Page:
New technology often creates financial winners and losers. Typically, the more disruptive the technology, the bigger the monetary hit. Which is why Credit Suisse has reflected on the impact that driverless cars might have on the value of our homes1.
In the past, robots have assembled passenger cars, yet someday soon they could actually be driving them. One of the more interesting concept cars at the recent Geneva Car Show, was an autonomous BMWi3 developed by Rinspeed, the Swiss automotive think tank which has been on the cutting edge of futuristic mobility since 1994 when they pioneered the concept of the mobile office.
Rinspeed’s Budii project2 is for those who see cars as simply a conveyance from A to B. Initially, their driverless car has a configuration phase in which it records and learns the preferences of your daily commute. When you’re ready, it takes the helm, armed with a high-resolution camera to map the terrain ahead; a laser-active guidance system; and the ability to monitor the behaviour of the cars around you. And passengers get to recline in a utopian bubble that’s reminiscent of a private jet.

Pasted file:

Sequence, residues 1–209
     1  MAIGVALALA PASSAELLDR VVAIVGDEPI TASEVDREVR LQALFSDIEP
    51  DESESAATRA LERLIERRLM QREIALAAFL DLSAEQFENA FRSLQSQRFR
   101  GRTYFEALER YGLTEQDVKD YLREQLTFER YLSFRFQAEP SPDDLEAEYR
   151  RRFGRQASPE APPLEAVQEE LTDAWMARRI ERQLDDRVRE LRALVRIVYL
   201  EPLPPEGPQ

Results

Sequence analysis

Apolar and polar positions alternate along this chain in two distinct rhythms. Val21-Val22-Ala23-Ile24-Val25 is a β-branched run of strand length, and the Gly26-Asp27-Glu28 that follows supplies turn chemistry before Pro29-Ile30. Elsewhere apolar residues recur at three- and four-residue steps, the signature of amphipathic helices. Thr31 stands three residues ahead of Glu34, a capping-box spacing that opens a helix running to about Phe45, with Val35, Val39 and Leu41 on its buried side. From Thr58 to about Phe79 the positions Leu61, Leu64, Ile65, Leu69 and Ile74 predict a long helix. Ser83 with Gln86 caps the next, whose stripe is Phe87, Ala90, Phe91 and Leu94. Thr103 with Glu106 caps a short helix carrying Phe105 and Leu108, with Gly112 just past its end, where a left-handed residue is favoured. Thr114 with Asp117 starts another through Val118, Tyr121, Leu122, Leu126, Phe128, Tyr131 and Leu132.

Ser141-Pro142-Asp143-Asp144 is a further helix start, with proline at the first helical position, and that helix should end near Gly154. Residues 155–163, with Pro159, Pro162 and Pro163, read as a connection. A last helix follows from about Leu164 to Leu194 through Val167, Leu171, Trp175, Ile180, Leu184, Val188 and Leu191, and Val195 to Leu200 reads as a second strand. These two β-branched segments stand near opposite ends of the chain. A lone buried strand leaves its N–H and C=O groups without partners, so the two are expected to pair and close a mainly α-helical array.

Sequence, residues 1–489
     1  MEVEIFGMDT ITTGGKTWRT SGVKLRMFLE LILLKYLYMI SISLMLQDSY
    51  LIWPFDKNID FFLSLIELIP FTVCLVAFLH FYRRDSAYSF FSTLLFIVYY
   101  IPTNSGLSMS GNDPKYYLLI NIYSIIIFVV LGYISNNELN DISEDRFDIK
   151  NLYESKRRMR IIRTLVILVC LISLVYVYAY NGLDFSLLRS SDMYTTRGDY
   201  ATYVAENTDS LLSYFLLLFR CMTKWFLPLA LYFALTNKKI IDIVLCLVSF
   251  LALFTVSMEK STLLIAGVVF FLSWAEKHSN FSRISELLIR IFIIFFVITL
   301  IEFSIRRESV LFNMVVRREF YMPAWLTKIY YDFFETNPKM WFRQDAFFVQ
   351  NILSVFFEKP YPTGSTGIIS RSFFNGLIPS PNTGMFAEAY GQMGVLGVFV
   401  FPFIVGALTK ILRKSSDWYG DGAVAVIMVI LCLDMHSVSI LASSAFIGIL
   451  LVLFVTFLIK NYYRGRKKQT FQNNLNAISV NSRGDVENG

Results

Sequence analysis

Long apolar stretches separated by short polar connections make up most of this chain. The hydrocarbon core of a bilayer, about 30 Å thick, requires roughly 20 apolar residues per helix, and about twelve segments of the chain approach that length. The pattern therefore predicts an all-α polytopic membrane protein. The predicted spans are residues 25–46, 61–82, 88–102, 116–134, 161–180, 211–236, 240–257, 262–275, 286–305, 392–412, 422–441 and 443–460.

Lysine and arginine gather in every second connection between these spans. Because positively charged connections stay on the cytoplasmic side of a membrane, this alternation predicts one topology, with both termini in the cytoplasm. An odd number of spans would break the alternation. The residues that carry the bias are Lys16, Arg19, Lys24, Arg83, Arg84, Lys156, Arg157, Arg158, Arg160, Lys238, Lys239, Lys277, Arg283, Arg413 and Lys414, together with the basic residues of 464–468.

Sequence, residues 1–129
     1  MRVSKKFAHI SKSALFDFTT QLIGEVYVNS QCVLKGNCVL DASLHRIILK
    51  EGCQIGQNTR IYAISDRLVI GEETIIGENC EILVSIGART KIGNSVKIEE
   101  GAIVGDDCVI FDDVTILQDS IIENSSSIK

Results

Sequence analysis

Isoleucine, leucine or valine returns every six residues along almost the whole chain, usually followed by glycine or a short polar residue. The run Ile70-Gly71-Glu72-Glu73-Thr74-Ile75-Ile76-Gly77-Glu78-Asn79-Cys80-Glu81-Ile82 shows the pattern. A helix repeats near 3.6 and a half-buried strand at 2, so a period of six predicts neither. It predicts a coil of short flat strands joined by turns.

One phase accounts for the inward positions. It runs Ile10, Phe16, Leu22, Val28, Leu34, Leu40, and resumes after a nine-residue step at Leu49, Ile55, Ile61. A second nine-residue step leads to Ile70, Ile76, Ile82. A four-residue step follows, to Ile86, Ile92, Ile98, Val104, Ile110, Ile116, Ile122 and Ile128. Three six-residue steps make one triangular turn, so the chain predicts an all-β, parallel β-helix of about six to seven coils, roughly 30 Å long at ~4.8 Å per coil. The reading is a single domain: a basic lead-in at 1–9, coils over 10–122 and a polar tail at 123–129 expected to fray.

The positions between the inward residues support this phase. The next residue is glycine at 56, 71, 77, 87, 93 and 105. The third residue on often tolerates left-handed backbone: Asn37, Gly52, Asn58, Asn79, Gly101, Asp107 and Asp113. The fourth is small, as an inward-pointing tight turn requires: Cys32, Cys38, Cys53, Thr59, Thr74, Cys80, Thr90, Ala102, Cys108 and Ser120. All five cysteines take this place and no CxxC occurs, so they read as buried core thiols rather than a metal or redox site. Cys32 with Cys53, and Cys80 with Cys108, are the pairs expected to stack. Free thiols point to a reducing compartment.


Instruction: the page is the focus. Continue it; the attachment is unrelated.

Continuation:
Google is the leader in autonomous cars, with their modified version of the Lexus RX. They have now logged more than 11,000km of incident-free neighbourhood driving, and are waiting for regulators to approve their launch of 100 similar cars in California. Google’s internal controls are also impressive. Each time they release a software update, they run about 18,000 simulations of real life situations which each car has to pass before its upgrade is completed.
Of course the end-goal of driverless cars is more ambitious than simply freeing up the driver’s time. Given the tendency for commuters to spend their travelling time playing Candy Crush Saga, this gain hardly seems worthwhile! The big prize is about environmental conservation and easing urban congestion.